Report: Maybank says no financial fallout from subscription to Adani’s share offering

MALAYAN Banking Bhd (Maybank) does not face any financial impact from its subscription to India’s Adani Enterprises’ share offering, the bank told a wire agency today.

Subscriptions to Adani Enterprises’ offering were client subscriptions and fully funded by client funds, the bank told Reuters in an emailed statement.

Marquee investors Maybank Securities and Abu Dhabi Investment Authority picked up a stake in Adani Enterprises’ US$2.45 billion (RM10.73 billion) secondary share offering on Jan 25, which coincided with a short-seller report that slammed the shares of Adani group companies, according to the report.

Meanwhile, Bloomberg reported that billionaire Gautam Adani’s (picture) 413-page attempt to restore confidence in his business empire is falling flat with investors, as stock-market losses deepen and key dollar bonds fall to fresh lows.

The report said that shares of all Adani Group firms slumped on Jan 30 despite the Indian conglomerate’s lengthy weekend rebuttal to allegations of fraud by short-seller Hindenburg Research. The three-day selloff has now erased nearly US$72 billion market value amid a share sale by Adani’s flagship that was meant to underline the tycoon’s ascension on the global stage.

While the Adani Group has portrayed Hindenburg’s allegations as baseless and an attack against India itself, the saga is reviving long-standing investor concerns about the conglomerate’s corporate governance. It also threatens to weaken broader confidence in India, until recently a top investment destination for Wall Street, and accelerate a nascent shift toward a reopening China.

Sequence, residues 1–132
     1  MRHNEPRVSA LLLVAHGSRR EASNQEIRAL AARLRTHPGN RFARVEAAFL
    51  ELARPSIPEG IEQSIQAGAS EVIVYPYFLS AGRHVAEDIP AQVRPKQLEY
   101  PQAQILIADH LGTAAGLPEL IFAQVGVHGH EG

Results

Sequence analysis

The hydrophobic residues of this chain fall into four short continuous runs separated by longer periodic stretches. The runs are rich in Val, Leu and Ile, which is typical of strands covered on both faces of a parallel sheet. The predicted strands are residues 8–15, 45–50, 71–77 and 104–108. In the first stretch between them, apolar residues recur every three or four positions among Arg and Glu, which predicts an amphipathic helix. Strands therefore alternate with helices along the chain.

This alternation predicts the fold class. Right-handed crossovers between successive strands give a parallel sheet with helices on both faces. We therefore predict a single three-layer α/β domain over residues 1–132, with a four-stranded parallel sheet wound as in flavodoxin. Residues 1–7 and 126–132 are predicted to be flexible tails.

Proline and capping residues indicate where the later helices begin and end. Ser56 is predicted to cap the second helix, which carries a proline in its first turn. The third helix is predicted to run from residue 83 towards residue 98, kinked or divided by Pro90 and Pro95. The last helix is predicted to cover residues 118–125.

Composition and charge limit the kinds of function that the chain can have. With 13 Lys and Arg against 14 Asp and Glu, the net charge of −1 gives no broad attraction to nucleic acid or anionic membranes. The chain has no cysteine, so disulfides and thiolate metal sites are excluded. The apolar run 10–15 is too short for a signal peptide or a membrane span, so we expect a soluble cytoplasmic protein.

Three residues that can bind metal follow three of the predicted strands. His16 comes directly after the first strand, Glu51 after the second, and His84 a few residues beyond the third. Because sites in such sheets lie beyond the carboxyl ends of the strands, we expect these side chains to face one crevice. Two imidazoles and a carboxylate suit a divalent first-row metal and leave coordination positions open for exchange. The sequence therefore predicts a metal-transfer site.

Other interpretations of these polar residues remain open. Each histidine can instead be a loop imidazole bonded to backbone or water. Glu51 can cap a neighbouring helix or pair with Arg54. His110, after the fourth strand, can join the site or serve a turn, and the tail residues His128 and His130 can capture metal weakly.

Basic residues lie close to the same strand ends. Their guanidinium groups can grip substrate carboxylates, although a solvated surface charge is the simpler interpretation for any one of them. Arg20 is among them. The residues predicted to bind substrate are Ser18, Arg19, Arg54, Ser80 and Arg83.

“Not sure if Adani’s rebuttal is enough to assuage investor concerns. Just because things are disclosed and known, does not make them right,” Smartkarma analyst Brian Freitas told the news agency. “How does a group that big explain no analyst coverage and no mutual fund holdings?”

In its rebuttal published on Jan 22, Adani said that some 65 of the 88 questions have been addressed in the conglomerate’s public disclosures, describing the short seller’s conduct as “nothing short of a calculated securities fraud under applicable law”. It reiterated it will “exercise our rights to pursue remedies to safeguard our stakeholders before all appropriate authorities”.

In the latest twist, Hindenburg then said Adani’s rebuttal ignored all its key allegations and was “obfuscated by nationalism”. The conglomerate’s statement failed to specifically answer 62 of Hindenburg’s 88 questions, the short seller said on Jan 30, and conflated the company’s “meteoric rise” and the wealth of Asia’s richest man “with the success of India itself”.

The selloff is fast eroding the wealth of Adani, Asia’s richest man, after his stocks were some of the best performers last year not just in the local market, but also on the broader MSCI Asia-Pacific Index. — TMR